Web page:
Weaver Wednesday : Katanga Masked Weaver2014-08-13 (550)
The Katanga Masked Weaver Ploceus katangae breeding male is yellow with a black mask. It is distinguished from the Southern Masked Weaver by having more saffron around the mask, less black on forehead, darker green back. It has much less saffron around the mask than in the Tanganyika Masked Weaver and the Lufira Masked Weaver. The yellow green rump is conspicuous in flight. Female and young birds are dull coloured.
The Katanga Masked Weaver is found in DRCongo and Zambia (see map below, based on Birds of Africa). There are 2 subspecies:
The Katanga Masked Weaver inhabits swampy areas, especially when breeding. When not breeding, it may move locally to join mixed bird parties in miombo woodland up to 7 km from water, while others remain in the swamps.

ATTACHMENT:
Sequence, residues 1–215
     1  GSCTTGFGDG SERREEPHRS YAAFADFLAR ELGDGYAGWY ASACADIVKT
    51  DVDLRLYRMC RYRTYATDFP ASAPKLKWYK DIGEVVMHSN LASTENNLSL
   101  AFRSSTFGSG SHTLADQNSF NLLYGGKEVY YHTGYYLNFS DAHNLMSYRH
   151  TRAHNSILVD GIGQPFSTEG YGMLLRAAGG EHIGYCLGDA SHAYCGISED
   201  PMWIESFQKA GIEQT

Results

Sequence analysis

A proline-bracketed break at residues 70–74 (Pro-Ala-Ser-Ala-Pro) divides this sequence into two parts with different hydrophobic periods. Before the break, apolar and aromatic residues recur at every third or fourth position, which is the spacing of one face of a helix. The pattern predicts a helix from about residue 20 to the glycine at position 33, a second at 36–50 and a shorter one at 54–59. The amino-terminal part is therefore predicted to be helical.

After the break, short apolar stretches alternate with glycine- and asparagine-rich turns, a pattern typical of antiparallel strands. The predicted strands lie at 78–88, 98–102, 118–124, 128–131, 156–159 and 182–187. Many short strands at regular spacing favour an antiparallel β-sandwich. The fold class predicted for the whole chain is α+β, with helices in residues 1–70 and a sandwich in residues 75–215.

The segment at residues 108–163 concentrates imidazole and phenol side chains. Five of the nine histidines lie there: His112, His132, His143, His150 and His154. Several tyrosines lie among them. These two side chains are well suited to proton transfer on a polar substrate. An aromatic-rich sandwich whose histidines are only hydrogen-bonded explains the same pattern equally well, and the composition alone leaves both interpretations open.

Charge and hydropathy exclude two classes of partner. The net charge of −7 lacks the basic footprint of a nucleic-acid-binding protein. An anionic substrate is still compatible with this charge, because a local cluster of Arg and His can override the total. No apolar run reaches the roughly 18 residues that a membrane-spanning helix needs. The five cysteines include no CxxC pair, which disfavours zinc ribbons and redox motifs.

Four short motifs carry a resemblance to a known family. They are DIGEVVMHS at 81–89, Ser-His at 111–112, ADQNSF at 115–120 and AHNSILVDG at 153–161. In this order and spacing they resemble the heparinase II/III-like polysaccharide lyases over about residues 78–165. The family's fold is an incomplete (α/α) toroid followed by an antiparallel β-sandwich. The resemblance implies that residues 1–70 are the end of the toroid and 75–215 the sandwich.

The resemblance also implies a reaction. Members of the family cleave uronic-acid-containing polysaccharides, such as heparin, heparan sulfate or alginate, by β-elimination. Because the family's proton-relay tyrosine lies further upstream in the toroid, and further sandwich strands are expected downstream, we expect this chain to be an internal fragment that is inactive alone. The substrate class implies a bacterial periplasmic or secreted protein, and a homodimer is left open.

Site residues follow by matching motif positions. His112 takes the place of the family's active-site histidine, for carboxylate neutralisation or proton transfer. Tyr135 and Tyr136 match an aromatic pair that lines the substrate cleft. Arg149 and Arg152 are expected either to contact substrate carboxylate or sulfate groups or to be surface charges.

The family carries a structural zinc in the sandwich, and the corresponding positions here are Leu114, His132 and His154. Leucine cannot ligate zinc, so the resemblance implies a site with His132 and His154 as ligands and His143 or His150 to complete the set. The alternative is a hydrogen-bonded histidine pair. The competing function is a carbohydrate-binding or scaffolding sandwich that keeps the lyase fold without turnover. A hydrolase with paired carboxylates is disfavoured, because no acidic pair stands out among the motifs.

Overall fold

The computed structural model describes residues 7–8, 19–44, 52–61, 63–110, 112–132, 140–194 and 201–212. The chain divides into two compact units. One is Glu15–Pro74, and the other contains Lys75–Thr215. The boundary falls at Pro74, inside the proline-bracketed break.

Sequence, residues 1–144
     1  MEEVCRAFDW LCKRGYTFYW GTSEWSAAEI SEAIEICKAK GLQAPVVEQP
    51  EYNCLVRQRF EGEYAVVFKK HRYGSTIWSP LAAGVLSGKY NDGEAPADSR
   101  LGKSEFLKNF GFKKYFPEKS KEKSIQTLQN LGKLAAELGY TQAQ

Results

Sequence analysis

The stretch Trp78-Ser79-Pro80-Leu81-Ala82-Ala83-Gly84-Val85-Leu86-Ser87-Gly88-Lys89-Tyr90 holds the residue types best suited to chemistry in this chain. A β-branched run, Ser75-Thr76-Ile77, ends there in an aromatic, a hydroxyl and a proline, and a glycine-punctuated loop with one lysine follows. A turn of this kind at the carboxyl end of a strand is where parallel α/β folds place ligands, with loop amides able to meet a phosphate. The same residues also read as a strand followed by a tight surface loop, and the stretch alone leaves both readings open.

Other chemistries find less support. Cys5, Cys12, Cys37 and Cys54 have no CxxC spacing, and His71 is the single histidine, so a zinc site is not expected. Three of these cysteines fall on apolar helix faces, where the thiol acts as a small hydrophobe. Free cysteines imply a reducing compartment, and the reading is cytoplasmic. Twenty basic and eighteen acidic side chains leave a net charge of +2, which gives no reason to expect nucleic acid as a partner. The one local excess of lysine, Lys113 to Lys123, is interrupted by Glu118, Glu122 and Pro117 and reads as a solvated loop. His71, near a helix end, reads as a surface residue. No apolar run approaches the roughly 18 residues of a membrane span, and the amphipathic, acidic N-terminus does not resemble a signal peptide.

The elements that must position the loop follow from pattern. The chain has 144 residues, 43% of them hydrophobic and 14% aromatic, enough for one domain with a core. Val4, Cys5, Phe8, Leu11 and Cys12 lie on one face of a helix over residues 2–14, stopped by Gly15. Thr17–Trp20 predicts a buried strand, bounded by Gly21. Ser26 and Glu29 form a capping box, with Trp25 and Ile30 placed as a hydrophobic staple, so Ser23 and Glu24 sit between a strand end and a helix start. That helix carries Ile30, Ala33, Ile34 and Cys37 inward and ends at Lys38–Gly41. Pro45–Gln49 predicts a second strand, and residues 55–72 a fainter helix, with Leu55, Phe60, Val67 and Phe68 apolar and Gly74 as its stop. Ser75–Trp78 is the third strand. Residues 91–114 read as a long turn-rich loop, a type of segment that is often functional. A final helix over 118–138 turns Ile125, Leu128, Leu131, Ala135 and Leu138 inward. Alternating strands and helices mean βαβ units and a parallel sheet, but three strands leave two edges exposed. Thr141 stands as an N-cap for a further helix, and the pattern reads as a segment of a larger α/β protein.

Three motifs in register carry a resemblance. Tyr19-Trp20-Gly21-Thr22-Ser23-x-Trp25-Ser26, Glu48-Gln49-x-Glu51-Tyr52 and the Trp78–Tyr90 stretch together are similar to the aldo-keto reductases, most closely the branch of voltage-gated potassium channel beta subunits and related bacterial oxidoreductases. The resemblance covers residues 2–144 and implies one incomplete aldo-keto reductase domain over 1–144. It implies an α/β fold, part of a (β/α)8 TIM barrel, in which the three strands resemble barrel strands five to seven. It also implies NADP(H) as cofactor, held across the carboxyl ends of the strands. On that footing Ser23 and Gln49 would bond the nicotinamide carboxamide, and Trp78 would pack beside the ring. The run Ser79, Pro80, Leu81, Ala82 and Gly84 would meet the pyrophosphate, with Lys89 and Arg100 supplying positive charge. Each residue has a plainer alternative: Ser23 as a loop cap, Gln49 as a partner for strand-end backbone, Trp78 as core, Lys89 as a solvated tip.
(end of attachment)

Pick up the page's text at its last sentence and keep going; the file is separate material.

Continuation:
The diet of the Katanga Masked Weaver is unknown but it probably feeds on seeds and insects.
The Katanga Masked Weaver is probably polygynous, and it breeds in small colonies although solitary nests with 1 male per site also occur. The nest is kidney-shaped with the entrance below and no tunnel, being similar to that of Southern Masked Weaver. Nests are placed in reed and papyrus beds in swamps, or in bushes or trees near lakes. The eggs (1-2) are pale greenish or greenish blue, spotted with bright brown and light chestnut spots.
There is 1 PHOWN record for the Katanga Masked Weaver (see PHOWN summary), but many more are needed. Submit any weaver nest records to PHOWN (PHOtos of Weaver Nests) via the Virtual Museum upload site.
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